Earlier this week, a friend sent me an article from the UK's Daily Mail indicating that the U.S. Army was planning to replace its "Universal Camouflage Pattern" less than a decade after it was first introduced. The cost for this clothing faux pas? A cool $5 billion! According to the Daily Mail, the design, which combines grey and green blotches in a pixilated pattern, was supposed to disguise soldiers equally well in desert and in more temperate terrain.
But critics claimed that the camouflage did not work properly in either environment.
It gets better - the article goes on to quote insiders and others-in-the-know that the primary motivation for the Army's wardrobe malfunction was "to make the Army appear 'more cool' than the Marines." Not that it ever could, but the resultant uniforms were also said to leave soldiers vulnerable in battle! "Brand identity trumped camouflage utility" the article quotes military journalist Eric Graves.
If they'd asked us Vietnam vets, we could have saved the Army a lot of money. I say that because if nothing else we looked cool, adapting our Army gear to the Vietnam climate and terrain in very fashionable ways. Boonie hats, headbands, short sleeve jackets, extra pockets, and all the other clothing innovations enabled us to be comfortable and cool.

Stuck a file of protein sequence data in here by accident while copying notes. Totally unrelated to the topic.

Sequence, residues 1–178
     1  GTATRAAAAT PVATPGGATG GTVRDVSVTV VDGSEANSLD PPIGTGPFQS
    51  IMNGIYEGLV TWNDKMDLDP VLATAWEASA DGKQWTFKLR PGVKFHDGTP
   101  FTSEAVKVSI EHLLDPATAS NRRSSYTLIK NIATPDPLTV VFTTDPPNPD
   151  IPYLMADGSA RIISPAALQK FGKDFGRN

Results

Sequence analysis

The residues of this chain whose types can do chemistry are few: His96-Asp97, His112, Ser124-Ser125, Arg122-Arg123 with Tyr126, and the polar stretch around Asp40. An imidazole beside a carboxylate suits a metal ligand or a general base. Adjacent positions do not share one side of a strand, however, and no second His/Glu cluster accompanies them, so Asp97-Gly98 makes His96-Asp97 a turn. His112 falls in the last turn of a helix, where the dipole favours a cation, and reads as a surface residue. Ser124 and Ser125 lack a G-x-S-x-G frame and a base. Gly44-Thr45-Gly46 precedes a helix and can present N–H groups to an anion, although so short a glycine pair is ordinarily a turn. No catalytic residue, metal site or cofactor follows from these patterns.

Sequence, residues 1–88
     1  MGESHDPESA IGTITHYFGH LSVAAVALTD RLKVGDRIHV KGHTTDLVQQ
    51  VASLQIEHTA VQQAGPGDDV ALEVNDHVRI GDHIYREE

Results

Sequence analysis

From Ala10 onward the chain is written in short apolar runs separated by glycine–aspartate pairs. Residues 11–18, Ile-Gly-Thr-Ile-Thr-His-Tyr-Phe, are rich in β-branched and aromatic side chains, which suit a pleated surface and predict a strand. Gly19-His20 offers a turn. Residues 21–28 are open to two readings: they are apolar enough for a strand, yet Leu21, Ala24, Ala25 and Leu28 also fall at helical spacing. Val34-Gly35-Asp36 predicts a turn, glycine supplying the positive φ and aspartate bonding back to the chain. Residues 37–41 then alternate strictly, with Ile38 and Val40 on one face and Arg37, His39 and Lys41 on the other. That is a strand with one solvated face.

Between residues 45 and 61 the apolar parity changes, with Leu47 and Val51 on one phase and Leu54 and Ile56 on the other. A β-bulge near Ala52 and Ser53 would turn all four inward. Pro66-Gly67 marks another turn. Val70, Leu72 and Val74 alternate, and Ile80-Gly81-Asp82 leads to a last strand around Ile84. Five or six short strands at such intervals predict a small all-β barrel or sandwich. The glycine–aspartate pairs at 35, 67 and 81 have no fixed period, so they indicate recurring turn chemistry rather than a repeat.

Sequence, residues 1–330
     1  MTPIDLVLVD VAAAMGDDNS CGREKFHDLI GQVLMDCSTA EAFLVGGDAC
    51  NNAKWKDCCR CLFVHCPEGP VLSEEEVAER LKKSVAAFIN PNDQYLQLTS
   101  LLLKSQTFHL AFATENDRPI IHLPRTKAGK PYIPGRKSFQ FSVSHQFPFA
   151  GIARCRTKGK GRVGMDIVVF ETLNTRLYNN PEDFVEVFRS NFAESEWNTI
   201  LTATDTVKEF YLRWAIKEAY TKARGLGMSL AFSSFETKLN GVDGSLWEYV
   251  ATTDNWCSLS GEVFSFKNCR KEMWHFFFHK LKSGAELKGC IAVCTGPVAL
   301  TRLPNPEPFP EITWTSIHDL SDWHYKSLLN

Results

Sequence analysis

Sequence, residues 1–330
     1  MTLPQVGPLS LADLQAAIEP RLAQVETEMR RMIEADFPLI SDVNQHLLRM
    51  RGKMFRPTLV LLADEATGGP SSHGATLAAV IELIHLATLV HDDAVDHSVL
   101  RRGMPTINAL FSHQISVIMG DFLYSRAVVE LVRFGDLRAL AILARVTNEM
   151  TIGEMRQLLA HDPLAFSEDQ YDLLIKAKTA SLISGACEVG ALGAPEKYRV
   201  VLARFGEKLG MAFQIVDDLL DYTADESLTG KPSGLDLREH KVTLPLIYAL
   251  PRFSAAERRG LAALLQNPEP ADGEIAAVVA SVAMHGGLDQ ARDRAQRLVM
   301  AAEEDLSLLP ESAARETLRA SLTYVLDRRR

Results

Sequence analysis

So what if the folks in the black pajamas - the NVA and Viet Cong - weren't about making a fashion statement?
But then I thought just how much $5 billion could buy in education and re-integration and counseling and all the other things our returning soldiers need. Nobody is going to care who looked cooler than whom in Iraq and Afghanistan - or Vietnam for that matter. But, thanks to the Army's uniform boondoggle, we have $5 billion less to help and support our soldiers and veterans.
Henry David Thoreau probably said it best "Beware of all enterprises that require new clothes."